Marcus - you hand your fellow realist Massimo have much to offer. I read your abstract and scanned the book. You talk about design without requiring a designer, could not glean more specifics on why the theory is so different than others, but enjoyed your likening a human body to a universe. But since you have invoked Wheeler on other blogs, I assume you have read his ideas about information, and do not follow why you distinguish between abstract and real, or why can't existence become a very personal thing, such that the reality of a coffee cup becomes a social contract among those who believe in the cup.

I appreciate that those in the Western non-continental philosophy business have an obligation to break as little china as possible as they advance to newer terrain, so maybe to them ontology is the shop's plate-glass window.

Whether or not one buys into what Bohm is saying the reason his ideas did not change the world is that their utility has not been found (or created, whatever). I remember in the early seventies crowing about how there was soon going to be a kind of personal computer at our beck and call and getting reaction among the non-technologically inclined that even if true, what would one do with it besides balance a checkbook? Value judgements change dramatically when utility changes, and information theory seems no exception. Sometimes I think it is as useless as string theory, but other times I think - well if decision-makers in academia thought it was a good idea, they could start looking for things from a pure informational point of view (a little like consilience) and abandon the idea that one would find more meaningful information in archaeology than say mythology or astrology. Something like that, but with a smatter of Princetonian Nash divining Cold War secrets using random bits of newspaper in "A Beautiful Mind", but using more analytical methods and relaxed causal, spatial and temporal constraints.

To be clear, I am saying that 'There is nothing besides information leads to a breakdown of any ontology leads to 'anything is possible'. One could adopt the guideline that higher levels of meaning can be found by things held to be true by larger groups of people. This is why the coffee or tea cup reigns supreme in every walk of human life. It resonates with more people than does any specific science or religion.

The arguments against 'information above all' hit hard and have been expressed multiple times on this blog. Foremost is the complaint that the mystical spiritual stuff remains hidden from common view, and why should that be so? Why no hard-hitting revelations in Times Square? I would say that mystical and spiritual stuff is a receding target as we learn more. Another complaint is that if anything is possible, then anything goes. My answer there is that anything is Darwinian, all ideas can be thought of having equal value, some will succeed and others will not. And then of course we have the old chestnut "Could Jesus microwave a burrito so hot that he himself could not eat it". I think he could yes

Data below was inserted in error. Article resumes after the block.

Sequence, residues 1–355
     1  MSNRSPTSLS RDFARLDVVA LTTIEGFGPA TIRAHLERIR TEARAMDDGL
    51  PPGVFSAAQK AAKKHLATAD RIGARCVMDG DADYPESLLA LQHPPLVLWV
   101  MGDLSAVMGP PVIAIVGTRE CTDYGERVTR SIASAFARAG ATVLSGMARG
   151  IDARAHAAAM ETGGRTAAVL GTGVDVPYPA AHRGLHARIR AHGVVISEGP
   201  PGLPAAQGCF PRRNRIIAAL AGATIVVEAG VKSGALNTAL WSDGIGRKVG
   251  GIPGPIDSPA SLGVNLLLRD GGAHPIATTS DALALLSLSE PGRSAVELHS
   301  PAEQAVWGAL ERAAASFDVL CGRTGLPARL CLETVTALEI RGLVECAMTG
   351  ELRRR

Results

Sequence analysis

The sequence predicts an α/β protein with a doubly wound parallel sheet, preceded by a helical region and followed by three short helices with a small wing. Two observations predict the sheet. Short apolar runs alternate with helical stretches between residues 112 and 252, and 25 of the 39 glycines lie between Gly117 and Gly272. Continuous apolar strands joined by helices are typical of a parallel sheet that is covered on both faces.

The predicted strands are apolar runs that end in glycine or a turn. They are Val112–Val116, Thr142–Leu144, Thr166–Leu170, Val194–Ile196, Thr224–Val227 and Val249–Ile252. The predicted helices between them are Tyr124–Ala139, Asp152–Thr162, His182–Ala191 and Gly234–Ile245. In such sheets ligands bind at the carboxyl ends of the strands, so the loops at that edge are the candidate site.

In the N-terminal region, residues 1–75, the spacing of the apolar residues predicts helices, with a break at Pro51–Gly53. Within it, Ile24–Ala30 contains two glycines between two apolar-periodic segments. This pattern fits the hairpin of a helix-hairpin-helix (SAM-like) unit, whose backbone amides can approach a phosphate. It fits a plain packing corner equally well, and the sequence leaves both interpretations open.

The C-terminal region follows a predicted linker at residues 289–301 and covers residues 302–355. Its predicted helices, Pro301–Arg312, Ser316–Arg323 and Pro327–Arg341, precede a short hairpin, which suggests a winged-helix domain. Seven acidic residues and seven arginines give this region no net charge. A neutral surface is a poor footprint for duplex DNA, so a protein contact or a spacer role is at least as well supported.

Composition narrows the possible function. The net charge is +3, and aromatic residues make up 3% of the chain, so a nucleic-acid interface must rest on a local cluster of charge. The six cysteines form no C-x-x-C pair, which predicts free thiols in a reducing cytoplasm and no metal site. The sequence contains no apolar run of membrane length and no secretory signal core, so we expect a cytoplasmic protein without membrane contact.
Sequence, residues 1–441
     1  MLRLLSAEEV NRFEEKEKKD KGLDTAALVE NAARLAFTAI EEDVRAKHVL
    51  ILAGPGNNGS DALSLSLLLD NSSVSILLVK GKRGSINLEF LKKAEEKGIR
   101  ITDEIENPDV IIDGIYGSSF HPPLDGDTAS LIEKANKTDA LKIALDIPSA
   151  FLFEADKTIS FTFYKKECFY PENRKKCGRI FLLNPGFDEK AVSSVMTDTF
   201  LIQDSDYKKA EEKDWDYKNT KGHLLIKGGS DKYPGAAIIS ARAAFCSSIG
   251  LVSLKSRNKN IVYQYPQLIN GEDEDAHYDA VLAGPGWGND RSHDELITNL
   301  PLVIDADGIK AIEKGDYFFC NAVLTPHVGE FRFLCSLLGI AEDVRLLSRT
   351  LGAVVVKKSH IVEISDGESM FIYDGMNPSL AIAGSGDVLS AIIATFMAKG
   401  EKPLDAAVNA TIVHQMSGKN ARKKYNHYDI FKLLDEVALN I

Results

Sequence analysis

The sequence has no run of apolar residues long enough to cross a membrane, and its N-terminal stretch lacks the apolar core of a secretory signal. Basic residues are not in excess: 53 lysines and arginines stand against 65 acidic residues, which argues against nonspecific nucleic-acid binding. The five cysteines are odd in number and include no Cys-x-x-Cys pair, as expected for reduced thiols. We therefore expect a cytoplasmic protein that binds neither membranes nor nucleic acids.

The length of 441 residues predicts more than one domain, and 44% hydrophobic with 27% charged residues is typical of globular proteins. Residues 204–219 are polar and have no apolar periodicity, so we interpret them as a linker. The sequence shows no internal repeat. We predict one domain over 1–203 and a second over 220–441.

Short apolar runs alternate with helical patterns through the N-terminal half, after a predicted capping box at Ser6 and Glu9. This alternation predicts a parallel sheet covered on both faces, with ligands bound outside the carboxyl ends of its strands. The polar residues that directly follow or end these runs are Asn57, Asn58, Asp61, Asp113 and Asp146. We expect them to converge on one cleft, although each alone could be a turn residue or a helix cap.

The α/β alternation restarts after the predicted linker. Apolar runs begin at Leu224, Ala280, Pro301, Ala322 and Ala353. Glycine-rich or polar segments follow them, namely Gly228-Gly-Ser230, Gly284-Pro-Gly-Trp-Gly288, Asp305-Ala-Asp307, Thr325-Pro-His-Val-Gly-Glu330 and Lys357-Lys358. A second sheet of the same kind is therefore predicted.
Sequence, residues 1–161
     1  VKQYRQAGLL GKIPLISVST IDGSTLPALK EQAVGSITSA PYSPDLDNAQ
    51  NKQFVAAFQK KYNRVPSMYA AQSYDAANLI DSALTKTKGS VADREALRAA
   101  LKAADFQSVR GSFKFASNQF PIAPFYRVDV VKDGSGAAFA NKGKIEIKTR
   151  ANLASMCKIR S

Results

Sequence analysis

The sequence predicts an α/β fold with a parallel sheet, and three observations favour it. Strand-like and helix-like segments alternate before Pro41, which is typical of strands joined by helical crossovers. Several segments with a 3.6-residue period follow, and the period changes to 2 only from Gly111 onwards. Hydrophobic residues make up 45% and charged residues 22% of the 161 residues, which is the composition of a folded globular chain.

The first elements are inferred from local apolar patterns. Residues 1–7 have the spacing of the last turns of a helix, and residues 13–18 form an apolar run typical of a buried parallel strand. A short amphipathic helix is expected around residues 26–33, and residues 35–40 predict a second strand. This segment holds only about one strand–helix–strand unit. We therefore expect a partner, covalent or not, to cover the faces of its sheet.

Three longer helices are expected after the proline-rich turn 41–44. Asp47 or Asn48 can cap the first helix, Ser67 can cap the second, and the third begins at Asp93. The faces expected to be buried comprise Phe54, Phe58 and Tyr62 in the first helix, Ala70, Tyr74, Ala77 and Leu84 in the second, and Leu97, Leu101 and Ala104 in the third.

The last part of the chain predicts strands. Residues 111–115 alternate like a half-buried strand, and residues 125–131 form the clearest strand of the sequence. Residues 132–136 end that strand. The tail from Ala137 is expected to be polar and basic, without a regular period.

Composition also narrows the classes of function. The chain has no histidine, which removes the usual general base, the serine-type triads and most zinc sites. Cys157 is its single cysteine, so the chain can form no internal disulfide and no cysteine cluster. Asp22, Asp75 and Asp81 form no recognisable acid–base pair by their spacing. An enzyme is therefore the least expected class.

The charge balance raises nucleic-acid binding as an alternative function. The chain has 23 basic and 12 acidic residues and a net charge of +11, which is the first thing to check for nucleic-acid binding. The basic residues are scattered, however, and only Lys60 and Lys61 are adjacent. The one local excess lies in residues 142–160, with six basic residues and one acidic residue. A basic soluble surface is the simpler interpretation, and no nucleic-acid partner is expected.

Dave S, I wont clog up Massimo's Blog with specifics about my book off topic (I'm confining myself to suggestions to have a look where appropriate, which you seem to have enjoyed to the extent you have gone into it). It's quite different from other theories. Wait till you get to the middle chapters on neurology. Wheeler... I might have mentioned him somewhere, perhaps in reference to space-time telling mass-energy how to move and mass-energy telling space-time how to curve?

ReplyDeleteI assume he has broad theories relevant to the topic here, as you say. Reality as information might get closer to what Massimo presents as Mathematical Platonism than I would go. I attack it reductively (as I do everything) and look at the components of information (even physical things in digital sequences as computers or DNA). I don't see any mystery in information, and its utiliy would speak for its reality if its processes seem obscure (likewise indeterminacy in QM as a most extreme example under the same principle of reality evident from the processes underlying it).

Existence can be whatever any individual or group believes it to be, if that belief is realizable in the world we observe, measure and put to rational enquiry. If it is only realizable by a person or group to the extent they buy into it (like hype), they could possibly exist entirely in that state as long as they can manage to feed themselves by mixing in some reality. Your group coffee cup recognition could apply in that context if it was a group hemlock cup recognition, but the principle applies in either case. Our abstracts are continually out there for us to live up to in reality. As for Massimo being a fellow realist, I'm not sure I would agree with that from reading our exchanges and his exchanges with Alastair.